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Hearing Loss

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Hearing Loss

Have you ever driven or walked past a job site and heard the noise from loud equipment running all day? Think about how loud it is for workers to operate those machines all day long. Exposure to loud noise all day, every day, can lead to serious hearing issues later on down the road.

The CDC has information on how to prevent hearing loss in the workplace.

Hearing loss is the third most common chronic physical condition among adults? 24% of hearing difficulty among workers is caused by occupational exposures.

OHL, or occupational hearing loss can be caused by exposure to loud noises or ototoxic chemicals. Substances relevant to the occupational environment that are frequently listed as ototoxic solvents include carbon disulfide, ethylbenzene, styrene, toluene, trichloroethylene, and xylene. Commonly listed under the category of ototoxic metals are lead and mercury.

The CDC considers noise levels to be hazardous at 85 decibels or higher. This can be compared to someone standing 3 feet away and having to raise their voice to communicate. On average, there are 22 million workers per year exposed to this level or higher of noise. Ototoxic chemicals can damage the ear, especially when they are combined with hazardous noise. A person taking certain ototoxic pharmaceuticals may lose hearing, become more susceptible to noise, or both. About 10 million workers per year are exposed to these chemicals.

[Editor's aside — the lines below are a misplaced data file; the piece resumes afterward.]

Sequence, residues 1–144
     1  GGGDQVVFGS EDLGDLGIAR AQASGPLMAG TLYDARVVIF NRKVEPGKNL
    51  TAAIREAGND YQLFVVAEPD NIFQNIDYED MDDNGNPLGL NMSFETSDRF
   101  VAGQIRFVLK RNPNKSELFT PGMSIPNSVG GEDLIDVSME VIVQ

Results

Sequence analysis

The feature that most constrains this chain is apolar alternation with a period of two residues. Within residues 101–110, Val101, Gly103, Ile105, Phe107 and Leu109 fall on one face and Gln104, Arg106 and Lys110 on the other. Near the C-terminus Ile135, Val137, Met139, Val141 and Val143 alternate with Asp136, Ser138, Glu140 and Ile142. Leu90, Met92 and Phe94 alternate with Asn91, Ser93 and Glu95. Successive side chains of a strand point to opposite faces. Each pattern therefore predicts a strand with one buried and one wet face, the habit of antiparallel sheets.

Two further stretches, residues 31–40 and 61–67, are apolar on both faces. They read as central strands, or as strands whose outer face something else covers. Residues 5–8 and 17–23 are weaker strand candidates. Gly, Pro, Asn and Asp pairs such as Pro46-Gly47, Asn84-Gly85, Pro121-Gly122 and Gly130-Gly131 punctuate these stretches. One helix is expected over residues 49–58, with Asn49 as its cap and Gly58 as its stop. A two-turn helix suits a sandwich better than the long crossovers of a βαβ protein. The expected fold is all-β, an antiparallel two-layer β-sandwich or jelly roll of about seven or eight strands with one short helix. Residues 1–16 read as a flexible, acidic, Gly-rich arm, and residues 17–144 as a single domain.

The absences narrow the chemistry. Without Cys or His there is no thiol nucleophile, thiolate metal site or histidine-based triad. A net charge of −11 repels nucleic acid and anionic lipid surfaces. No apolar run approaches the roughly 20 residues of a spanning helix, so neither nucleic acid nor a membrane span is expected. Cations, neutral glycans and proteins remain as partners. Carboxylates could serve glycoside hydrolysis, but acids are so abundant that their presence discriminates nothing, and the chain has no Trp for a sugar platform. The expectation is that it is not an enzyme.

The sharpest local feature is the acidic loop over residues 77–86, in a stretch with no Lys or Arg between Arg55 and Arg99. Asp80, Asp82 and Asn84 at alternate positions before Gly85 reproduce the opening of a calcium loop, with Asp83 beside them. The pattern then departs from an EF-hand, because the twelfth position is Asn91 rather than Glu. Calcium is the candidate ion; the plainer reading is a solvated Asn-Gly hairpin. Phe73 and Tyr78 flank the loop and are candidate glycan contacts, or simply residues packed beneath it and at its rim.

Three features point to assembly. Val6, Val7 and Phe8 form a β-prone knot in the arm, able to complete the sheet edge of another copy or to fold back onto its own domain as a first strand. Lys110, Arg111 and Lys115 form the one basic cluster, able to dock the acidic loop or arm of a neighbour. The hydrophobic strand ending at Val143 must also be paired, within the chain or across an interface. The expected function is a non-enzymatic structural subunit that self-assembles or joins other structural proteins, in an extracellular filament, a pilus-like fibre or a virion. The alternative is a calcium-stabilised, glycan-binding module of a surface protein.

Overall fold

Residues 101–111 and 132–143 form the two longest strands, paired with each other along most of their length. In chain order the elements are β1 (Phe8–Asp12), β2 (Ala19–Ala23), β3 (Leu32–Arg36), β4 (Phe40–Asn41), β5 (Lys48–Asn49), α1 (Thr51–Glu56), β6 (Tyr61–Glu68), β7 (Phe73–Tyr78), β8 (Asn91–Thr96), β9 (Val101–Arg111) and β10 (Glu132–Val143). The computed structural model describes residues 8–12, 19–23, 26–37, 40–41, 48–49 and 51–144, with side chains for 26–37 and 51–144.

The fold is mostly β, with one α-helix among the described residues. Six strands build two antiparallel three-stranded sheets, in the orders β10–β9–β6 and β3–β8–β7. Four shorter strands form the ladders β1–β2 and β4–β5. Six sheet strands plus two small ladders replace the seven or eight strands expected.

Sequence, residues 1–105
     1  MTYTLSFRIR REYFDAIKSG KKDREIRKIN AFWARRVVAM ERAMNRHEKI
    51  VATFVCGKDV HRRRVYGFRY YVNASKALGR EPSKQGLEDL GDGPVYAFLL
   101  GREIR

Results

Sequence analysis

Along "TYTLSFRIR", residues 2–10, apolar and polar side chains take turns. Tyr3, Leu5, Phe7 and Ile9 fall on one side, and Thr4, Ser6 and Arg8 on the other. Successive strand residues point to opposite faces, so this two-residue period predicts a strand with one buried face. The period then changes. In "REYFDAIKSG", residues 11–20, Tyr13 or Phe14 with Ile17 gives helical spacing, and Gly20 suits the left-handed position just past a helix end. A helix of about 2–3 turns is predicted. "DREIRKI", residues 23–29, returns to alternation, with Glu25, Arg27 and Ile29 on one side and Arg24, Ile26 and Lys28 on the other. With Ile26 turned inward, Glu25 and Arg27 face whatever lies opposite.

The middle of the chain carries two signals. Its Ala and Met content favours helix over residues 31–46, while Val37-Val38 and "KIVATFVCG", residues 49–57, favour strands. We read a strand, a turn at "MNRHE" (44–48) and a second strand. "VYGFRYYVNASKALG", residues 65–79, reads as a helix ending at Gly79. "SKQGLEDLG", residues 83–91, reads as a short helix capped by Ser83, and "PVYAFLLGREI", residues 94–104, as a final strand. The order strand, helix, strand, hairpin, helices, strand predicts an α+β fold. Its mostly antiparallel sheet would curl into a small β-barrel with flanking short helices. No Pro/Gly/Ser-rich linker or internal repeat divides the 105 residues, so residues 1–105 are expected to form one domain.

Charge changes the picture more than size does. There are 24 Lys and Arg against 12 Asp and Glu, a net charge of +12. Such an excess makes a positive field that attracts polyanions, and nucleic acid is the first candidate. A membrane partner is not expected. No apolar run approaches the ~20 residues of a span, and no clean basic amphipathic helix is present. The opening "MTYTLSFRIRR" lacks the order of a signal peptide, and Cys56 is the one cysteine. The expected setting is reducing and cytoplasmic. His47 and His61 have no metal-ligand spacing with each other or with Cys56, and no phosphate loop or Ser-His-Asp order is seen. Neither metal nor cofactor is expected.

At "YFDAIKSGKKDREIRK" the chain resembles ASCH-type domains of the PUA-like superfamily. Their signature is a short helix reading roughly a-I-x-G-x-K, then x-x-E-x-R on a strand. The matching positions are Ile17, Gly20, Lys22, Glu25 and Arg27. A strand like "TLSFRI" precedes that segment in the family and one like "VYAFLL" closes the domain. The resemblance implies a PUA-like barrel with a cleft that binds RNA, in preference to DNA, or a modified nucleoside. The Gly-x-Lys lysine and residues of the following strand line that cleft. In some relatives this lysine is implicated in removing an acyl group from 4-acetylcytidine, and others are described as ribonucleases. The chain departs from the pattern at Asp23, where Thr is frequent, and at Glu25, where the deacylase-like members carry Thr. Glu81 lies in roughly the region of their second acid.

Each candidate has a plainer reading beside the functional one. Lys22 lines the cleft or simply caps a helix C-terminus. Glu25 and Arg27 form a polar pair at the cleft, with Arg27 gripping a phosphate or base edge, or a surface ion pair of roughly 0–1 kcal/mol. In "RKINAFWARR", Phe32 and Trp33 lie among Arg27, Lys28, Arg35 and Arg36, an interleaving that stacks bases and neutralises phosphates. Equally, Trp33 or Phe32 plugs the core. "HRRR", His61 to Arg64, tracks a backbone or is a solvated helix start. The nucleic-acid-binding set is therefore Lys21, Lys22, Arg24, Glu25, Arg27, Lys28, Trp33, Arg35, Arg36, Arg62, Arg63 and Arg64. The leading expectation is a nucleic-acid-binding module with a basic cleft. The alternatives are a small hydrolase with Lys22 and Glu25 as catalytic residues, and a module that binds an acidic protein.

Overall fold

The most common reported ototoxic drugs in clinical use are aminoglycoside antibiotics, macrolide antibiotics, salicylates, chemotherapeutic agents such as cisplatin, loop diuretics, antimalarials, non-steroidal anti-inflammatory drugs (NSAIDs), quinine, and acetaminophen.

Almost all work- related hearing loss is permanent. This can change life drastically for someone. Understanding what you can do to prevent hearing loss is the first proactive step.

Preventing Hearing Loss:

  • Find out if the noise in your workplace is hazardous.
  • If you have to raise your voice to speak to someone at arm's length, then it is probably a hazardous level.

  • Ask your safety manager or direct supervisor to check the level of noise if you are concerned about hearing loss.

  1. Wear ear protection such as ear plugs to minimize the impact the noise has on your ears.

  2. Make sure to schedule your audiogram.

Taking proper precautions such as wearing ear plugs and receiving annual audiograms can help prevent hearing loss. Occupational Health Services at Campbell County Health provides many different services for employees to achieve and maintain their health.

Visit our website at Occupational Health Programs in Wyoming | Campbell County Health ( to learn more, or call 307-688-8378.


“CDC - NIOSH Topic: Occupational Hearing Loss (OHL) Surveillance.

“Preventing Hearing Loss | NIOSH | CDC.”

  • Category: Occupational Health